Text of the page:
This post is published originally on Fotoeins Fotopress at fotoeins.com.
Disclosure: No Connection, Unpaid, My Own Opinions. I have not received any compensation for writing this content and I have no material connection to the brands, topics and/or products that are mentioned herein (cmp.ly/0).
The call to Europe, indeed Germany, had been getting louder.
But I had to travel from Australia to Germany with a brief week-long stop in Cape Town, South Africa. In all, I would travel halfway around the planet in a span of two weeks.
Saturday, October 6, 2012.
I’m catching up with friends who’ve recently moved from the United States to Sydney, Australia. We go between Dee Why and Manly, two beach suburbs north of Sydney’s Central Business District.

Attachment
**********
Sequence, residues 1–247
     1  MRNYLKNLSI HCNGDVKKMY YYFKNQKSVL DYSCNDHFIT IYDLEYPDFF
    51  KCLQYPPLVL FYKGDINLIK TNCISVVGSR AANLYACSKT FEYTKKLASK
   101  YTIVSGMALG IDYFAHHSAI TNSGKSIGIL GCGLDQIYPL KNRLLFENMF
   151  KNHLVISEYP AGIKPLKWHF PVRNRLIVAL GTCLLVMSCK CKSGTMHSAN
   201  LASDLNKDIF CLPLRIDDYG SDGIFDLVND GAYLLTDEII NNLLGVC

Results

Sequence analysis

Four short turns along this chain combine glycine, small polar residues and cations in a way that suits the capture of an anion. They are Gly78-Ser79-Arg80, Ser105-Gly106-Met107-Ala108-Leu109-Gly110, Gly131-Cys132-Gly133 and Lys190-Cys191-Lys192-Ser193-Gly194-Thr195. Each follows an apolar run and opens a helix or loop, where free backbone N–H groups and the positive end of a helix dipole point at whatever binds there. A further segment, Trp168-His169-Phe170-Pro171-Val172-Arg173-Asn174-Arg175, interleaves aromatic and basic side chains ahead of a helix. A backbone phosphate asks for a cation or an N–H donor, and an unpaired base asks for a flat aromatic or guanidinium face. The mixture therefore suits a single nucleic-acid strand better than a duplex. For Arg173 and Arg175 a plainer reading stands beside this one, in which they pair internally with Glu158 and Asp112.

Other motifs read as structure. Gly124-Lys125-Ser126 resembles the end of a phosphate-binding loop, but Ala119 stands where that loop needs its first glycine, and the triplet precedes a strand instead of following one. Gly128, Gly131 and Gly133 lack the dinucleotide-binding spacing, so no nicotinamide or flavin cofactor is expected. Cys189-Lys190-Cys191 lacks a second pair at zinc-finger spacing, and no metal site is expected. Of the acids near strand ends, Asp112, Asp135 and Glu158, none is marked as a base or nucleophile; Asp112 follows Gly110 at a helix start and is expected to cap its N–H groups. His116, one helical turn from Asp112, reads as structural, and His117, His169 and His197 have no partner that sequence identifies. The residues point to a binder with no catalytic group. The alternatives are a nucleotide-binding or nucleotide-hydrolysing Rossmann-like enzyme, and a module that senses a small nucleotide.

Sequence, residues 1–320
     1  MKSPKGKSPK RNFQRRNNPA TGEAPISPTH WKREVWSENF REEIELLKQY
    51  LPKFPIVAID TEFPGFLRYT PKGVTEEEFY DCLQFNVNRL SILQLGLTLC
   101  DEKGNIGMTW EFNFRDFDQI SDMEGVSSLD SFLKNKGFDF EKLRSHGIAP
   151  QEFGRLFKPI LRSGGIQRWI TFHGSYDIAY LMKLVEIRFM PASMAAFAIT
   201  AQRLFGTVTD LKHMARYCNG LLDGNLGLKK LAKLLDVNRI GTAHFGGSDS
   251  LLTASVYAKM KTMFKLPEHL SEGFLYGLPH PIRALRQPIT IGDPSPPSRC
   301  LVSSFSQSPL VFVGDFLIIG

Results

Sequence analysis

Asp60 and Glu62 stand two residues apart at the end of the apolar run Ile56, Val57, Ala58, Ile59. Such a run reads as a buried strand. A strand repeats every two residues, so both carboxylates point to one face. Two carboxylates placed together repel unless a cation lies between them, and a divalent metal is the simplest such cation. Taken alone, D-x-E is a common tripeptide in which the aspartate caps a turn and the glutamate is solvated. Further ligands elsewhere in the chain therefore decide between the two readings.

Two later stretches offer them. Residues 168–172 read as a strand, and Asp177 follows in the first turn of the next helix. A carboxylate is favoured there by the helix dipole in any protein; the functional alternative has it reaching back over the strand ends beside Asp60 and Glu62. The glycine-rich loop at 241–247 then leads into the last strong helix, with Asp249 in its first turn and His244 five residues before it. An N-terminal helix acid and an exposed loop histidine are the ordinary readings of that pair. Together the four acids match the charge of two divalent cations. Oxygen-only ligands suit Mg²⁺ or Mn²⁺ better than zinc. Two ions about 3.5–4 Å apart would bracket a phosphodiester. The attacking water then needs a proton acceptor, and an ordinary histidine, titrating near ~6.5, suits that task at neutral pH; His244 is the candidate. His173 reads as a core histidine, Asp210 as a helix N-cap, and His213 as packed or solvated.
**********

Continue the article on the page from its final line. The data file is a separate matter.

Wednesday, October 10, 2012.
Sydney – Johannesburg – Cape Town.
Qantas flight 63 is a non-stop flight from Sydney, Australia to Johannesburg, South Africa. I realize the flight path (re. shortest distance between the two cities) skirts around Antarctica – that’s pretty cool, considering having lived in Chile for five years.
Saturday, October 13, 2012.
I’m standing on top of Table Mountain in Cape Town, South Africa. It’s very windy on the summit, and while the predominant wind is southeasterly, moisture has not precipitated on the “table” to form the famous “tabletop” cloud- or fog-deck. The latter would form the following day.
Wednesday, October 17, 2012.
Cape Town – London Heathrow – Frankfurt am Main.
British Airways flight 58 is a non-stop flight between Cape Town, South Africa and London Heathrow. The flight path takes the plane directly over the Sahara desert.
Saturday, October 20, 2012.
It’s an unusually warm fall day, and I’m taking advantage of the weather with a walk around Friedrichshain-Kreuzberg in the German capital city of Berlin.
Twenty-three thousand kilometres.
I made the photos above with a 4th-generation iPod Touch and with a Canon EOS450D. This post appears on Fotoeins Fotopress at fotoeins.com